Sharpening a Kabar US Navy/Marine Utility Knife, Mark 2.

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I have had my Kabar for many years. It is made from 1095CV and has a HRC of about 58. I have never been able to get the edge on it I wanted. With the Shapton I know I can finally get that done. I have one question. I have a GS500, should I start the Kabar out with a #320?
 
I decided go with what I had so I used the GS500 to set the 20º angle, went to the #1000, and finished with the #2000. Now the Kabar has a printer paper cutting edge. My experience with Norton silicon carbide oil stones did not completely pass to Japanese whetstones. I was looking at the one I still have and I think it is 180/320. When I got the King Whetstones I got 6,000 and 8,000. It isn't until this thread and finally YouTube I learned my mistake.
 
I decided go with what I had so I used the GS500 to set the 20º angle, went to the #1000, and finished with the #2000. Now the Kabar has a printer paper cutting edge. My experience with Norton silicon carbide oil stones did not completely pass to Japanese whetstones. I was looking at the one I still have and I think it is 180/320. When I got the King Whetstones I got 6,000 and 8,000. It isn't until this thread and finally YouTube I learned my mistake.
You can cut printer paper with an edge made on kitchen floor tile. Please don't let that be your be your benchmark!
 
Unless the edge is REALLY gone, a GS500 should sharpen a Kabar just fine. I would then give it a few licks on a natural stone like a BBW, Idwall, ect for a bit of extra sharpmess.

My favourite stone to use on old military knives is a Turkey. They work really well for that.
 
No I know. It must be sturdy.

But don't expect a hanging hair kinda sharp knife, especially with these kind of thick blades to support heavy abuse.
Yes! What was really a moment of illumination was listening to Ethan Becker while talked about the BK62. He briefly discussed blade profiles. It isn't just the blade edge angle but the overall blade design. slicing edge and a cold chisel edge. This simple observation at last consolidated all I know about the Navy/Marine M3. It is ground with a 20º, 40º inclusive edge. The thickness of the blade makes this edge grind into the cold chisel profile. This really put what Pacific Island campaign Marines told me. Cutting pilots out of crashed aircraft with their M3's working like can openers.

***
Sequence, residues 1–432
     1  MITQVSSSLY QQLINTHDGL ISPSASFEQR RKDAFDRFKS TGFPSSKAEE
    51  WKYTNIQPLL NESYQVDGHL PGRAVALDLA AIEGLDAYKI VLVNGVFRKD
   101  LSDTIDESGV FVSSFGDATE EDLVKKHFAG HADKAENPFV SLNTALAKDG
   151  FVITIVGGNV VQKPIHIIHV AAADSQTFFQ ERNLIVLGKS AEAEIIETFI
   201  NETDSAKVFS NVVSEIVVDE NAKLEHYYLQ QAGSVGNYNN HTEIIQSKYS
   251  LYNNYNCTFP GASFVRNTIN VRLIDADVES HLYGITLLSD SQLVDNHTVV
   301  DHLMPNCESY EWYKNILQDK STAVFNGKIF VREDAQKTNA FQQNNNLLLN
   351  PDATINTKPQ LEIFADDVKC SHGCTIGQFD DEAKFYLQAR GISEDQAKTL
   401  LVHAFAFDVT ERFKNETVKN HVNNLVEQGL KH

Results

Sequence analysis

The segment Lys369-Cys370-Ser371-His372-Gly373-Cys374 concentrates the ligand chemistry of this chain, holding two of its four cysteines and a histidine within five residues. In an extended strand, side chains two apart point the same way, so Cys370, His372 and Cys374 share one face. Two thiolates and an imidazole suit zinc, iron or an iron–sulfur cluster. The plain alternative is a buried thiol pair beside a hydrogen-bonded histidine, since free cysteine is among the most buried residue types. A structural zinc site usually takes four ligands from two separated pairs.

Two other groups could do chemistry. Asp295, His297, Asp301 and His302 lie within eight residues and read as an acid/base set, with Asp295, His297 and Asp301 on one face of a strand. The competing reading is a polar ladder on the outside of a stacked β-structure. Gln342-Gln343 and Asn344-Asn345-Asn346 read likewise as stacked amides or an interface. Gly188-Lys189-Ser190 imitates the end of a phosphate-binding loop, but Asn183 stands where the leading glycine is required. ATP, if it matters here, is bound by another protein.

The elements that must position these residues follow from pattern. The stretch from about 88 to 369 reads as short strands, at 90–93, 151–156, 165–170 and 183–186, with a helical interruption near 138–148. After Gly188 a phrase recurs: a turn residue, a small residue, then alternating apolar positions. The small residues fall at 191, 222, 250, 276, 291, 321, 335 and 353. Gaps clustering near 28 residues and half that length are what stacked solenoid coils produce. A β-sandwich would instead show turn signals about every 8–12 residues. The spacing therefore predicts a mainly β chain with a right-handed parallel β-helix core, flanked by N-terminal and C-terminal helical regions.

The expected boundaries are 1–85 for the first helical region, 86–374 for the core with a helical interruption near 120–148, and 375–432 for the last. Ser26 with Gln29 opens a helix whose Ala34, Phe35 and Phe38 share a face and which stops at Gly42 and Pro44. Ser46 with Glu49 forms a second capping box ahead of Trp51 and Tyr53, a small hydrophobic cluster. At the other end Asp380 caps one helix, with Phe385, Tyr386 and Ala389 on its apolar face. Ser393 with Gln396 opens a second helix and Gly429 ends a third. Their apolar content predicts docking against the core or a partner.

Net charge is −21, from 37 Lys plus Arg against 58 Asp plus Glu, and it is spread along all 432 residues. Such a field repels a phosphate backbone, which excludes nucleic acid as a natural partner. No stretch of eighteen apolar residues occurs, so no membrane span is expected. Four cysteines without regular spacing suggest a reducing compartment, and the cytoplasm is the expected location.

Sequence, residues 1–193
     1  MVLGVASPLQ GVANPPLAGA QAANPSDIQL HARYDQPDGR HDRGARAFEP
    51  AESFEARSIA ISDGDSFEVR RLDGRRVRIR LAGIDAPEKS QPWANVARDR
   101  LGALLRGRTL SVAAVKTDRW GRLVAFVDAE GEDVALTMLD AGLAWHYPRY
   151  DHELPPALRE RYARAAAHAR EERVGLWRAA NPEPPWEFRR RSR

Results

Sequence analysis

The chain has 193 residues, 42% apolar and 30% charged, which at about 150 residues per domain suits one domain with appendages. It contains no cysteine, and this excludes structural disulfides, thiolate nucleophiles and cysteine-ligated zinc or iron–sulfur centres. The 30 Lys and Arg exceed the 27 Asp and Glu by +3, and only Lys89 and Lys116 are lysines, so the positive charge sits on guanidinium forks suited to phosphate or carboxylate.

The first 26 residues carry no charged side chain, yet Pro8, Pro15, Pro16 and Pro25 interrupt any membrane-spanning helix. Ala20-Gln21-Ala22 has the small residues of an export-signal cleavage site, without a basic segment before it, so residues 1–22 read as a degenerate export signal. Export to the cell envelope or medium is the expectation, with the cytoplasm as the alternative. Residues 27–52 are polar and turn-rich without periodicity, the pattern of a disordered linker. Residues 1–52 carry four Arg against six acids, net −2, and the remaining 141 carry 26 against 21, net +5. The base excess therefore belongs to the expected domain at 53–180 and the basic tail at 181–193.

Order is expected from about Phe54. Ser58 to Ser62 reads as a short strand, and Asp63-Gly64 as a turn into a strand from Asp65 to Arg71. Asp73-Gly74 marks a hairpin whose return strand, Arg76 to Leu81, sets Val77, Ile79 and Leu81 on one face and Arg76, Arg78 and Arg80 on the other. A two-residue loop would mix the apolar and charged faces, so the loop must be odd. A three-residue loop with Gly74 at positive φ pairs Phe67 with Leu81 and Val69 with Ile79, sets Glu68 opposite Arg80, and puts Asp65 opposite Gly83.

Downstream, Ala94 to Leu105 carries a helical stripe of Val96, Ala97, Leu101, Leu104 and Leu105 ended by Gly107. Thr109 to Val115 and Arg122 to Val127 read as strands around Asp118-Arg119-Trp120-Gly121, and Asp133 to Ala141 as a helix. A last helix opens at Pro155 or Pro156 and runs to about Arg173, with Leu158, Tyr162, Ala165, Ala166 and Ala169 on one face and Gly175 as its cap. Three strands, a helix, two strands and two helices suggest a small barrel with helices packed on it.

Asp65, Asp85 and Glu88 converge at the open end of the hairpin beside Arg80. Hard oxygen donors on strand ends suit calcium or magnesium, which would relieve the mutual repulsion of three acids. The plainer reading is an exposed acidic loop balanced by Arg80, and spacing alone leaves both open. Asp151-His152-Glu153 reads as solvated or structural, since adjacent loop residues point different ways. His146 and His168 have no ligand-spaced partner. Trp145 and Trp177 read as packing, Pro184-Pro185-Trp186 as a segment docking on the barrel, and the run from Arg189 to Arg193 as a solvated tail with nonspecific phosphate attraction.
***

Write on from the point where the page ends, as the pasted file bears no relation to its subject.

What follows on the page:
Yes! What was really a moment of illumination was listening to Ethan Becker while talked about the BK62. He briefly discussed blade profiles. It isn't just the blade edge angle but the overall blade design. slicing edge and a cold chisel edge. This simple observation at last consolidated all I know about the Navy/Marine M3. It is ground with a 20º, 40º inclusive edge. The thickness of the blade makes this edge grind into the cold chisel profile. This really put what Pacific Island campaign Marines told me. Cutting pilots out of crashed aircraft with their M3's working like can openers.
When one depends on their tools to potentially save lives vs prepare dinner. Kinda changes the priorities.
 
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